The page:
San Sebastián, Spain. As the fishmonger lifted the day’s catch onto the scale, we both hesitated. The bonito with the sparkling eyes – an indication of freshness – weighed in at about three kilos, or 6.6 pounds. I had mentioned that I was cooking for two. And it was obvious that buying such a lovely specimen was really going overboard. Still, this merchant was not about to give me a hard sell.

Standing in the fish market in St. Jean-de-Luz – a picturesque French seaside town along the Basque coast about 30 minutes from where I had been living for the past two weeks – I had a decision to make. In Basque Country the bonito, a small albacore-type tuna, which is extremely flavorful and more delicate than other tuna with firmer meat (for example, yellowfin), is considered a prized catch. Only the cost that day did not reflect that fact: Nearly all the stands at the market happened to have it, and thanks to the laws of supply and demand, the price was less than half of what it would fetch the following week. At €5.50 per kilo (less than $3 per pound), it was an incredible bargain, any way you slice it.

But how do you slice it? All I really wanted was enough tuna to prepare marmitako – a Basque fisherman’s stew that I enjoy cooking and eating when I visit this region. I needed only about a pound of fish to generously feed my husband and myself. What the heck would I do with all the rest?

Sensing how much I wanted it, the fishmonger offered a solution: She could cut off what I needed for my stew, and fillet the rest for me to freeze. In a region where fresh fish is readily available, there was something ludicrous about eating frozen fish. Still, I couldn’t resist.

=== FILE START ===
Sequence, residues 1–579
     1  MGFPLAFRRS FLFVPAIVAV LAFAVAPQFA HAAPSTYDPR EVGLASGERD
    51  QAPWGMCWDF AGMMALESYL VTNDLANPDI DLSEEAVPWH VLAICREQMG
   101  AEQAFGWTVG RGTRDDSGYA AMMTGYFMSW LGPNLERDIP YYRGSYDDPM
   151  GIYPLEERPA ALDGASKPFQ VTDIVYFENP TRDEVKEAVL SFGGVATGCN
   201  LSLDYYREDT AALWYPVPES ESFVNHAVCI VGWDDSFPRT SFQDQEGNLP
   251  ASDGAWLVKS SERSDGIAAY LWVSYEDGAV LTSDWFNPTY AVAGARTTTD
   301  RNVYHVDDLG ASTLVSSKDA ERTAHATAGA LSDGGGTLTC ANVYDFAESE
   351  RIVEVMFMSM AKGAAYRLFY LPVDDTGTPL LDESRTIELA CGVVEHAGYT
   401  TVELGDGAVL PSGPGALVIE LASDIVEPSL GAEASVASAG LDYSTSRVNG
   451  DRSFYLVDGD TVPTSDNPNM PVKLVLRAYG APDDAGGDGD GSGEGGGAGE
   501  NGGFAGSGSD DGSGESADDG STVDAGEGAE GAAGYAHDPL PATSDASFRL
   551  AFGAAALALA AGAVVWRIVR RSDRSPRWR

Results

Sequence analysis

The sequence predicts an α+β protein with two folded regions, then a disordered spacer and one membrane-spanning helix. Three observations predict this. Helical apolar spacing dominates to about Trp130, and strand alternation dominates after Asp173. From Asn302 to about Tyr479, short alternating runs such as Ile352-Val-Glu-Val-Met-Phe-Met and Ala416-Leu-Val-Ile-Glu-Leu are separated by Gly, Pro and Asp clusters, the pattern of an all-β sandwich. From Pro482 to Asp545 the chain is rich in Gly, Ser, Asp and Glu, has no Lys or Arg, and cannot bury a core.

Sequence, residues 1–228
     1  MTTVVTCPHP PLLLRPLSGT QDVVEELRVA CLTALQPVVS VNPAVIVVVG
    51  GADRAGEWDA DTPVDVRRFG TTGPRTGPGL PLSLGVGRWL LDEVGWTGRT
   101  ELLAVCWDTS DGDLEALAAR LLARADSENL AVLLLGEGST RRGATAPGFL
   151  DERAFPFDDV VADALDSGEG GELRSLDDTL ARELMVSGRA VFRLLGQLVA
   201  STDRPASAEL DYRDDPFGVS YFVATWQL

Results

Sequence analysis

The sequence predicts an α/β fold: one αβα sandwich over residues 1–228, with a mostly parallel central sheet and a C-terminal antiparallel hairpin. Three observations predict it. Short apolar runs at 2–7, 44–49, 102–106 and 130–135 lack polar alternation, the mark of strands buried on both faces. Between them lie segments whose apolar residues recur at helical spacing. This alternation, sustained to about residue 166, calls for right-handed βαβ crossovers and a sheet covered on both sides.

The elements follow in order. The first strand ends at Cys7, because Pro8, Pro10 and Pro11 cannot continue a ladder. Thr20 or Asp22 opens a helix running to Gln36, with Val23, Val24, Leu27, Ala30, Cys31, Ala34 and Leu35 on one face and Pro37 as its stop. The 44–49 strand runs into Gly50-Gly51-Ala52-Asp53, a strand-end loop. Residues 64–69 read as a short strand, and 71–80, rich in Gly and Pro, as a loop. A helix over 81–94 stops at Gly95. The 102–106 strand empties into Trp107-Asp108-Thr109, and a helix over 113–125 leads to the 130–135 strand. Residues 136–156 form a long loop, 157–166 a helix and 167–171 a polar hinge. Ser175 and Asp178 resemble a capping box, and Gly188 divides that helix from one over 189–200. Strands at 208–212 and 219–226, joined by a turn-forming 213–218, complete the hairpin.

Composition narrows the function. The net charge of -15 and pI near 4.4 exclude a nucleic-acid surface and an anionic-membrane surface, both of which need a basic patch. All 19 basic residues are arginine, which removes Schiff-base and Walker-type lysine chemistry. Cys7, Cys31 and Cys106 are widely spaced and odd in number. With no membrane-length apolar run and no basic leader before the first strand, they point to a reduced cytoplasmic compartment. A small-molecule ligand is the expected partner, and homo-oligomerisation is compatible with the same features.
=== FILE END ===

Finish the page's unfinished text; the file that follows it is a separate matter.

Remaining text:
En route to our Airbnb rental, in San Sebastián, I had some buyer’s remorse. Cooking for ourselves is one way that we finance long-term travel, while eating better than we can at most restaurants. But in this case, I felt like a cooking show contestant faced with the challenge of creating multiple dishes from the same primary ingredient. Somehow I wasn’t ready for bonito sorbet.

Back at our apartment, I took stock of my €16.50 purchase ($18.85 at current conversion rates) and put up a fish stock. A lot of liquid goes into marmitako, and though one can use wine or water, a hearty fish stock adds to the flavor of the brew.

When preparing stock, I follow the basic technique, with a couple of tweaks, described in Julia Child’s magnum opus Mastering the Art of French Cooking, Volume 1, which I have on my Kindle. If I’m using a fish dissected in the market, I always start by soaking whatever fish parts are going into the stock (in this case, the head) in water for 15 minutes to remove the blood.

Next, I simmer the fish for 30 minutes in a cup of white wine and enough water to cover it. I add a sliced onion, a tablespoon or so of fresh lemon juice and six parsley stems (not the leaves, which will darken the stock), as Child advises. This time I also threw in a few sprigs of thyme and a couple of fresh bay leaves that I acquired during our travels, at a market in the Dordogne. Wrapped together, these three herbs form a bouquet garni, which is a classic seasoning for many French dishes.

While the stock cooked, I kept an eye on the simmering pot. This helps ensure that it maintains a happy bubble, and doesn’t reach a rapid boil. It also gives you a chance to skim off the scum that rises to the top during the cooking process.

Once it was done, I strained the stock and referred to the basic recipe for marmitako that I had developed, based on trial and error, during our previous visit to Basque Country. As it turns out, the results were greatly improved this time by a simple modification: The only liquids that I used were fish stock, made from the same bonito that I was cooking (this is a strongly flavored fish), and a homemade tomato sauce that I had prepared earlier in our journey, and brought with me, frozen. (You’ll find the revised marmitako recipe below.)